Tories added to Wikipedia list of ‘right-wing dictatorships’



Defence Secretary Dr Liam Fox looks through the sights of a machine gun aboard a Chinook helicopter at RAF Odiham.


Photographs: Ben Cawthra/REX,, CHRIS ISON/PA ARCHIVE

If you saw this Daily Mirror headline in June 2015, you might have laughed at the cheek of someone using a government computer to make the addition of the Cameron regime to a list including Spain’s General Franco and Greece’s ‘Regime of Colonels’. No one was ever caught and the list duly amended. Yet, only a year later we heard Tory PM, Theresa May, and home Secretary, Amber Rudd make statements strongly suggestive of a dangerous drift toward fascism at their party conference. We heard that:


  • employers, including universities, will be told to maintain lists of foreign workers
  • foreign doctors will only be allowed to stay until enough British doctors have been trained
  • to cut the numbers, only some universities will be allowed to recruit foreign students


Then we heard Secretary of State for International Trade and President of the Board of Trade, the clearly not very honourable, Liam Fox, refusing to give assurances to EU citizens in UK that they would not be used as negotiating chips. He even described them as ‘one of our main cards.’ That’s the essence of fascism, a psychopathic lack of empathy and will to control human beings as if they were objects.

 The path to fascism is one of many, sometimes quite small, steps but once ambitious self-centred people like these are walking, bad things can happen.

Within days, SNP First Minister, Nicola Sturgeon had accused the Tories of xenophobia and their policies as being ‘deeply ugly’. Also, she made it clear that foreign workers were welcome in Scotland and that she would support any firms refusing to list foreign workers.

These are fine sentiments but how securely based are they? Clearly the UK government can override anything it wishes but there is a developed cultural system here protective of human rights which would make that highly unpopular and difficult. See this short extract (page 93) from a January 2014 report I missed at the time and which I don’t think much was made of in our media, ‘Equality, Human Rights and Constitutional Reform in Scotland: A Report for the Equality and Human Rights Commission’:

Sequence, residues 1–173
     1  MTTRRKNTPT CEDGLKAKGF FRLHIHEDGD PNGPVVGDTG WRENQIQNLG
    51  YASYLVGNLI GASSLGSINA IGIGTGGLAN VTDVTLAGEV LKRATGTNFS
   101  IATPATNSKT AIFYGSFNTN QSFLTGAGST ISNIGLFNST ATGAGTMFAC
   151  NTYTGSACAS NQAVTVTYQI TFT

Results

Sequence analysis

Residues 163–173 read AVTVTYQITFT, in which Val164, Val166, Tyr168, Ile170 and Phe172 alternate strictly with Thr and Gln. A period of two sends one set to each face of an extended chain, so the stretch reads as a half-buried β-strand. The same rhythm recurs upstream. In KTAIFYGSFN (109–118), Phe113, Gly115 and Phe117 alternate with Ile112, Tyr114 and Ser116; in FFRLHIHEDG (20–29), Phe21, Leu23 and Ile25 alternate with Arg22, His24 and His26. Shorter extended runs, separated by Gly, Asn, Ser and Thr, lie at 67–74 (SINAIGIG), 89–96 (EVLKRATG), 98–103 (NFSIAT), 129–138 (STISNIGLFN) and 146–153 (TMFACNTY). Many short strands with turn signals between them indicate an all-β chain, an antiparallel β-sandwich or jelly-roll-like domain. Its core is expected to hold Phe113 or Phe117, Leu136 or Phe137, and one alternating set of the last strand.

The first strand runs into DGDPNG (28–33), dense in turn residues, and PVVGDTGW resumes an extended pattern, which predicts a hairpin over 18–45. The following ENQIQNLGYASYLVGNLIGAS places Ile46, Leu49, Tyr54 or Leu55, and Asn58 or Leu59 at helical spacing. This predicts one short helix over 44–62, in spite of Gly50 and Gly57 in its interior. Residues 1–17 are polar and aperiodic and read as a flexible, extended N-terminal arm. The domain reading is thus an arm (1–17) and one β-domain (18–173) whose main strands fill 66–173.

‘Scotland, within the UK, can point to having taken a different approach to equality and human rights. Even when human rights have been politically challenging for Scottish Executive and Scottish Government ministers, they have never suggested a lack of commitment to the Human Rights Act, or the ECHR (although they have criticised Supreme Court judgments). In fact the current Scottish Government has stated that in the event of the UK repealing the Human Rights Act, it would incorporate it for Scottish devolved powers, and the Government’s plans for a written Constitution and an independent Scotland, include a clear commitment to European human rights standards.184 Similarly, there is no suggestion in Scotland of a political appetite to amend or repeal the Public Sector Equality Duty. The supremacy of human rights, defined by ECHR and EU law, over the Scottish Parliament is also distinctive from its status under Westminster – the Scotland Act 1998 permits the striking down of Scottish Parliament legislation if it is not competent, e.g. if it breaches ECHR.’

The full report is 102 pages long and full of ideas for further embedding human rights in a Scottish Constitution. Again, the UK government can override anything it wishes but given the now strong roots of human rights in Scotland’s politics, society and legal system, dare it try to pull them out?


Equality, Human Rights and Constitutional Reform in Scotland: A Report for the Equality and Human Rights Commission, January 2014, at:



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